Watching my favourite program until my eyes fall out has its benefits, especially during the pandemic. When emotions are high, television has been a healthy escape and comfort throughout the quarantine. I’ve had in-depth conversations on why I’m not a fan of Molly from Insecure, or how I relate to Craig of the Creek a little too much. I can identify with characters and see myself in their struggles, helping me get through my own mental hurdles.
A 2018 study in “media marathoning” (or binge-watching, in layman’s terms) confirms what many of us already know, that those “struggling with depression or anxiety were able to learn more about human relationships through media and to use media engagement experiences as springboards for communication.” Watching a fictional character go through something similar to you provides an outside perspective; and, for me, cartoons in particular foster catharsis in a nonthreatening and relatable way.
Dr. Brian Kong, PsyD specialises in pop culture and therapy, and shared his expertise on the benefits of watching cartoons that deal with depression. “I think television is sometimes capable of portraying an emotional experience in a richer, nuanced, and more accessible way,” Kong states. “There is value to a medium that visually deviates from our everyday reality and immerses us in an alternate imaginary world.”
Use complex characters for self-reflection
Rick Sanchez, a mad scientist on the popular Adult Swim show Rick and Morty, and BoJack Horseman, the washed-up actor of Netflix’s BoJack Horseman, are both complex characters who internalise the weight of their destructive behaviour. In the episode “Rest and Ricklaxation,” Rick and Morty take a day to relax and end up having their toxic selves physically removed from their bodies and must be reunited with the worst of themselves to be whole once again. In the BoJack Horseman’s episode “The Face of Depression,” BoJack is confronted with the outcome of his hurtful behaviour while his seemingly upbeat and friendly counterpart Mr. Peanut Butter becomes the “Face of Depression.”
Both episodes display a nuanced look at what we deem are our “best” and “worst” parts, and the shows’ points of view play “contrary to the often oversimplified categorical concept of being a good or a bad person,” Kong remarks. Depression has many faces, and BoJack Horseman and Rick and Morty pull apart the layers that help viewers identify and relate. “It can be very powerful and validating to see your emotional struggle illustrated on TV,” says Kong.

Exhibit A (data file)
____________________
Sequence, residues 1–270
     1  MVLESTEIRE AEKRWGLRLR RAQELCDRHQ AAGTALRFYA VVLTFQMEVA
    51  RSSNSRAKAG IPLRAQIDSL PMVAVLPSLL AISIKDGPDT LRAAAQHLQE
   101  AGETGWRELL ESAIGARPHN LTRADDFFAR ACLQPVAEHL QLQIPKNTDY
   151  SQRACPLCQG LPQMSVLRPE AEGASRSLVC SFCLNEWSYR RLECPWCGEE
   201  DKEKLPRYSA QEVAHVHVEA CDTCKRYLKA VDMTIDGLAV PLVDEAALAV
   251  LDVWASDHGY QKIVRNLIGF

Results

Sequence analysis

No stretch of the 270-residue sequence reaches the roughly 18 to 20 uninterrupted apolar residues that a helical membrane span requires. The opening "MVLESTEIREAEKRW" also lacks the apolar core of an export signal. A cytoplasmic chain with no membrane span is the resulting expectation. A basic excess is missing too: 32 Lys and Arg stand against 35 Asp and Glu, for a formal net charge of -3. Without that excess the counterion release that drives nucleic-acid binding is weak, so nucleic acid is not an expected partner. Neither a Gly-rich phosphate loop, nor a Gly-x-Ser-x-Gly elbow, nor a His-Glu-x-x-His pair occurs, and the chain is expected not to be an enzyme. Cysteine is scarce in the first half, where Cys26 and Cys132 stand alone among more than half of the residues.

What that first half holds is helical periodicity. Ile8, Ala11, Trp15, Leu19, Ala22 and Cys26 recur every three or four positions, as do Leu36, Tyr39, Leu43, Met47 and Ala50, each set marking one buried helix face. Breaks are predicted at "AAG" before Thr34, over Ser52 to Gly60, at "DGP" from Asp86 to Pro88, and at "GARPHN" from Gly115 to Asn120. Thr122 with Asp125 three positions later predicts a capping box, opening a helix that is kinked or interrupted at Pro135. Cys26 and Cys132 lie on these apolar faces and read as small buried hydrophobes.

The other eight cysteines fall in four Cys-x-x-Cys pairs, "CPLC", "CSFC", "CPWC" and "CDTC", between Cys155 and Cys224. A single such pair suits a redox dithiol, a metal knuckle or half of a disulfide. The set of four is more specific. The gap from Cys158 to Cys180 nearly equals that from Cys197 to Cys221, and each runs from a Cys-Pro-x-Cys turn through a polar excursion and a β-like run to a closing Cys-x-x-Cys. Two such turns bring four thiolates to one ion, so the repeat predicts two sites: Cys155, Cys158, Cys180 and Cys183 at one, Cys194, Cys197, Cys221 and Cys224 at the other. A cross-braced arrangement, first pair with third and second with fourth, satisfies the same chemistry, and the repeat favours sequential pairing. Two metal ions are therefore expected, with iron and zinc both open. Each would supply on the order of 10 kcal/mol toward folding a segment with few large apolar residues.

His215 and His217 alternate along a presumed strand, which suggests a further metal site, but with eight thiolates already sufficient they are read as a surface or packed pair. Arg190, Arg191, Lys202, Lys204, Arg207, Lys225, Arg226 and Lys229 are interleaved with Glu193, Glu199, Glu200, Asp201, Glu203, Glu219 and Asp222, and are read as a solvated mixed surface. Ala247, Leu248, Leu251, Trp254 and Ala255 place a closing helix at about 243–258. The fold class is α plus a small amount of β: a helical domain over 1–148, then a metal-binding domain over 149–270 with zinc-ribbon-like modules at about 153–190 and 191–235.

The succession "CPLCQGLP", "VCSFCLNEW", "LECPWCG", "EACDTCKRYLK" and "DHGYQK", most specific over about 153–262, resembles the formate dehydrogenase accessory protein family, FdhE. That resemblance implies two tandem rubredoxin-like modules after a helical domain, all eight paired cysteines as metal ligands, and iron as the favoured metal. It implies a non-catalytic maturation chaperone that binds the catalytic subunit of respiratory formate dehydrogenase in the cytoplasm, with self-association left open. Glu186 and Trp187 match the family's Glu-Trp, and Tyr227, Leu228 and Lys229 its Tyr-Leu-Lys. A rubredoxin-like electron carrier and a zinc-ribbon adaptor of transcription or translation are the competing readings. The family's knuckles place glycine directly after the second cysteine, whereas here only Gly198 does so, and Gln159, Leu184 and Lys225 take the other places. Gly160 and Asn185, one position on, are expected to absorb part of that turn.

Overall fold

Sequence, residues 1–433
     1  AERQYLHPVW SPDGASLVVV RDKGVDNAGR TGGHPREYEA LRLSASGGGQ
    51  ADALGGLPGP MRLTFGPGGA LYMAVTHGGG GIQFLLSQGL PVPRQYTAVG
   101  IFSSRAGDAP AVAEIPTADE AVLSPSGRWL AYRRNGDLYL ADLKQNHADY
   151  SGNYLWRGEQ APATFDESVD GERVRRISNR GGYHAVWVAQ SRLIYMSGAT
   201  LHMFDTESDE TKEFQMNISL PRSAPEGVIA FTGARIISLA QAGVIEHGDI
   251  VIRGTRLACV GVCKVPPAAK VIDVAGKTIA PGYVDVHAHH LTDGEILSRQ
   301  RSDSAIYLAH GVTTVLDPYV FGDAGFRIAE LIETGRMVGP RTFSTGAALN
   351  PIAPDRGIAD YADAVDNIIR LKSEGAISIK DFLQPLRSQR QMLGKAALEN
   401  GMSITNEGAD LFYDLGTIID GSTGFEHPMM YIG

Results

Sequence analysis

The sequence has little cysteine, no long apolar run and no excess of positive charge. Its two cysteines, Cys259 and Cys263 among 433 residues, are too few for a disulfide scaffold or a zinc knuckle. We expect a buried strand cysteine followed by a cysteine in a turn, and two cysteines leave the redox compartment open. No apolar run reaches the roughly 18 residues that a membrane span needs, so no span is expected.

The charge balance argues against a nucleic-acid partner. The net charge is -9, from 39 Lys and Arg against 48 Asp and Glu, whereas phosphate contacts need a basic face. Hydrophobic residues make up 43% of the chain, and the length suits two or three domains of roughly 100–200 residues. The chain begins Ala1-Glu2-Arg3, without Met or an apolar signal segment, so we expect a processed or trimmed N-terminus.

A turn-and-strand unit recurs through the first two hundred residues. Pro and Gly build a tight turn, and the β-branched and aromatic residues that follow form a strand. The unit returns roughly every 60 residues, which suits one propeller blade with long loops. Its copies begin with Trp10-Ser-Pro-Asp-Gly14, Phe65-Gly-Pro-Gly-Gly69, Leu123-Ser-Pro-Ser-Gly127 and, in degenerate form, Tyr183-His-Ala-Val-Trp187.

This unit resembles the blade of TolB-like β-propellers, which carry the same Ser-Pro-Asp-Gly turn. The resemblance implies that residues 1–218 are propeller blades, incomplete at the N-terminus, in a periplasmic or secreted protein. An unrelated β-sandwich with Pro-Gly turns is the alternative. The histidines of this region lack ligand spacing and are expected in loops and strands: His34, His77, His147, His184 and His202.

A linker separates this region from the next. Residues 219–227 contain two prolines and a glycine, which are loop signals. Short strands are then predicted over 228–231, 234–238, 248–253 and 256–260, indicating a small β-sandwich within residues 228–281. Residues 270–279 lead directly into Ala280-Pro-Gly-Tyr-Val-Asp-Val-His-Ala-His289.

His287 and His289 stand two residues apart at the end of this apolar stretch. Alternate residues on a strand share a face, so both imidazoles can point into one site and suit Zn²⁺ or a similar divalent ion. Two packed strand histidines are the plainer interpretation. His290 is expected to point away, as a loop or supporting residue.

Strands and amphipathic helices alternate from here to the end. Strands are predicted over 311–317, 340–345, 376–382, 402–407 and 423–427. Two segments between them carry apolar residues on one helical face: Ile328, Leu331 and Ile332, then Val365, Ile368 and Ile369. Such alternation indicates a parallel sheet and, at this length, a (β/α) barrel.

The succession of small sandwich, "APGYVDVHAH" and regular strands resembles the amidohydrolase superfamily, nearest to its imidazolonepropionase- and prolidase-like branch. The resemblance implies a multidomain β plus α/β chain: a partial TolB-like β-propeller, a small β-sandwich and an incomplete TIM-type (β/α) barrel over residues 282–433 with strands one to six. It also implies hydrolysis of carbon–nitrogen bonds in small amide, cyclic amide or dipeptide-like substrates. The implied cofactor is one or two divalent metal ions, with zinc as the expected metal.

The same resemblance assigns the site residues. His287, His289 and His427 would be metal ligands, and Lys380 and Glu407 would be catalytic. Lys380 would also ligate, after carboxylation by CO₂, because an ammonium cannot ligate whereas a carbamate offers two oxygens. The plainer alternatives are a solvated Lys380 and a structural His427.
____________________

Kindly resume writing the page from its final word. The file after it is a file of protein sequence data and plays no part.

Reframe your personal struggle
Adventure Time is about Finn, a young boy, and his magic dog, Jake, in their quest to be heroes in the land of Ooo. The main villain, The Ice King, wears a magical crown to live forever and, in turn, the crown erased his memories, leaving him alone and incapable of socially interacting with others. Meanwhile, Finn uses his bravery and upbeat personality to avoid dealing with trauma.
Both characters exhibit different elements of depression, and while they’re in a fantastical, fictional land, their tales serve as a mirror to the real world and how people interact with mental illness. “Especially in the case of more creative shows like Adventure Time or Futurama, cartoons can engage our imagination in a way that — despite being fantasy — can help us think about life and our own lives in different ways, which can be essential to reframing one’s struggles,” Kong explains.
Help “de-identify” with depression
Steven Universe is the story of Steven, a half-human, half-alien being called a “Crystal Gem.” He and the other Crystal Gems defend the earth from alien forces, but the real force they fight is self-doubt, depression, and relationships. Steven Universe has helped me out of intense breakdowns and given me tools to both acknowledge my circumstances and understand my feelings.
One song featured on the show called “Here Comes a Thought” in the episode titled “Mindful Education,” where one of Steven’s friends named Connie has a depressive moment. The song reminds her it is just a thought — that the emotions are real, but that they don’t have to consume her.
Another cartoon, Big Mouth, is known for personifying the anxieties of puberty through imaginary characters. A “depression kitty” is introduced to one character in the episode “The Department of Puberty,” and influences her to neglect her responsibilities by watching Friends reruns and eating ice cream instead. The kitty then lays on her chest, preventing Jessie from moving, symbolising the crippling effects of depression.
“There are schools of thought in psychology, such as Acceptance and Commitment Therapy, that provide empirically supported interventions that aid individuals in separating themselves from their depressive or anxious thoughts and maintain a more distanced, mindful attitude. Big Mouth and Steven Universe tap into that general understanding in a way that can be accessible to the viewer,” says Kong. “While it is important not to oversimplify depression or other mental health issues, ‘de-identifying’ with your thoughts and feelings can be integral to not feeling consumed or trapped in them, and ultimately letting them go.”